It’s essential to use electric circuits efficiently and adequately. This way, you reduce the chance of short-circuiting or overloading. There is a restricted number of appliances and light bulbs that you can use on a circuit without causing accidents. This number of bulbs installed depends on the number of wattages; for low watts bulb, you will use more, but higher watts bulb, you will install a few. Let’s find how many watts you can run on a 15-amp circuit.

First, we have to find the capacity of the circuit. As the circuit is 15 amps and functions under a potential difference of 120 Volts, the circuit’s power is 15*120 or 1800 Watts. The 120 volts mainly applies in the USA and Canada. Most electricians recommend that you use 80 percent of the total capacity; this is the circuit’s maximum safe load. It improves safety and efficiency by giving a gap in case of power spikes.

The National Electrical Code doesn’t specify the maximum number of lights you can install on a 15-amp circuit. The code usually rates lighting as continuous and non-continuous duty load. For continuous loads, NEC limits a circuit breaker’s load to 85%. This rule allows you to calculate the actual number of lights based on their wattage.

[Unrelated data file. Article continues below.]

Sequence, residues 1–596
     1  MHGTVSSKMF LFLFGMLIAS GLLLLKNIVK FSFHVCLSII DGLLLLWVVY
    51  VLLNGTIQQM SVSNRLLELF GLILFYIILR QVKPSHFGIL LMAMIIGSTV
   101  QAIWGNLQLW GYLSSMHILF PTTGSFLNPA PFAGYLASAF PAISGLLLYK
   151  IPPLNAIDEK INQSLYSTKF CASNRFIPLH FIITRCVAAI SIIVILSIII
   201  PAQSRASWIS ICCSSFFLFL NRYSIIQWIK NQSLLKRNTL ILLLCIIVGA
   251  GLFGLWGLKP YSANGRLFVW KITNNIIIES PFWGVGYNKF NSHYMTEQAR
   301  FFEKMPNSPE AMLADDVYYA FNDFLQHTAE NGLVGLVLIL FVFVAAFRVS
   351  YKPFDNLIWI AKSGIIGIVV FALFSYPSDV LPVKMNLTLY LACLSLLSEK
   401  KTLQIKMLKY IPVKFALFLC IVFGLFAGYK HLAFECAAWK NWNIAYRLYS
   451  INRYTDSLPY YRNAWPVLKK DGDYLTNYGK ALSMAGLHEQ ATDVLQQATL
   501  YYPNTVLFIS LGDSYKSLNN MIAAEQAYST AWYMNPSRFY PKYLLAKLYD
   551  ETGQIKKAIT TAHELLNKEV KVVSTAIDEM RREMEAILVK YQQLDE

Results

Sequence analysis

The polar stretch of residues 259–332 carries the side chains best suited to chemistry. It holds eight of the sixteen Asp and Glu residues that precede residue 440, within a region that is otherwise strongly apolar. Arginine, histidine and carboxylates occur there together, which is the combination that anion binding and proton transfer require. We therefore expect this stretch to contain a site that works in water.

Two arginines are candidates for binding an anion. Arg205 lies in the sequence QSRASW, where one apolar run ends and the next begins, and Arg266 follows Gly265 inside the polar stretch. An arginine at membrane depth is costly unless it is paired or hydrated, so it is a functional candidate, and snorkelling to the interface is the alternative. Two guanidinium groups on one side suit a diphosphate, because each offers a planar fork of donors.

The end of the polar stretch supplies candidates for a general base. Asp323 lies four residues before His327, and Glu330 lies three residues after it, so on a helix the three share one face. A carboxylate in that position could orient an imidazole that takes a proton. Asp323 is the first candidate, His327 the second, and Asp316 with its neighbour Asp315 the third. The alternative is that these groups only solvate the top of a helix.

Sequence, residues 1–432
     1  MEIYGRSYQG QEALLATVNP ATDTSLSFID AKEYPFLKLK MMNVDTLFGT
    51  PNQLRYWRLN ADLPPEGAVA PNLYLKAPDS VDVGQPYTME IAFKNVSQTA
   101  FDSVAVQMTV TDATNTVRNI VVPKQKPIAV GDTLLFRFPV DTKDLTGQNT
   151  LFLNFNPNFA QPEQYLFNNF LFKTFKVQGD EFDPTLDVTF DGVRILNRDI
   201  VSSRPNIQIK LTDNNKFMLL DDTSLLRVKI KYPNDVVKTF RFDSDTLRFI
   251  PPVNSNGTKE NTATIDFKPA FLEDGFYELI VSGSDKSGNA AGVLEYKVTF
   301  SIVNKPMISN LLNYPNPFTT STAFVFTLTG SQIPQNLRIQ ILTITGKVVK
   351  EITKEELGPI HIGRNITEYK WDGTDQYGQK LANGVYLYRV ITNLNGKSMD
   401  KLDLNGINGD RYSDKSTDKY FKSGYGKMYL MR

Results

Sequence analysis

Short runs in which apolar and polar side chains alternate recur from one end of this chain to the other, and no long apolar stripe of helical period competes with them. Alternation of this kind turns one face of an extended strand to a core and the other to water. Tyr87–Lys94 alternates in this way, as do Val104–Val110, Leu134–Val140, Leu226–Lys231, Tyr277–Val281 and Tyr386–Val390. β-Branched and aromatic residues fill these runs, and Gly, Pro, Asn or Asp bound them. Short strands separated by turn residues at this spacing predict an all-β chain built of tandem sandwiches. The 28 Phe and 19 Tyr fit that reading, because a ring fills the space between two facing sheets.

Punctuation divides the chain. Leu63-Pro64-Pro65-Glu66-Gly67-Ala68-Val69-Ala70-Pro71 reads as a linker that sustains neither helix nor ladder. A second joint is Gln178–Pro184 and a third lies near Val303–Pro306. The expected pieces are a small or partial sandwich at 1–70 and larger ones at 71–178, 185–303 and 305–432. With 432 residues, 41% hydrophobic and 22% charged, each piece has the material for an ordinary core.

To get the total number of lights per circuit, you need to calculate lights amp draw. The current draw of each light is the number of wattages divide by 110 volts. For example, a 65-watt bulb would draw 65 divided by 110, which is approximately 0.6 ampere. So, for a 65-watt bulb, you will install around 21 bulbs per circuit. Depending on your house wattage, if you are in the USA (120) or the UK, which is (240), you will still apply the formula.

**Check this too: Troubleshooting Christmas Lights: Common Problems and Fixes**

The number of lights to install in a 15-amp circuit depends on their wattage. You will install few bulbs for a higher wattage bulb, and for less wattage, you will install less. The electrician rule of using 80% of the circuit’s power prevents circuit overload, ensuring its efficiency and safety.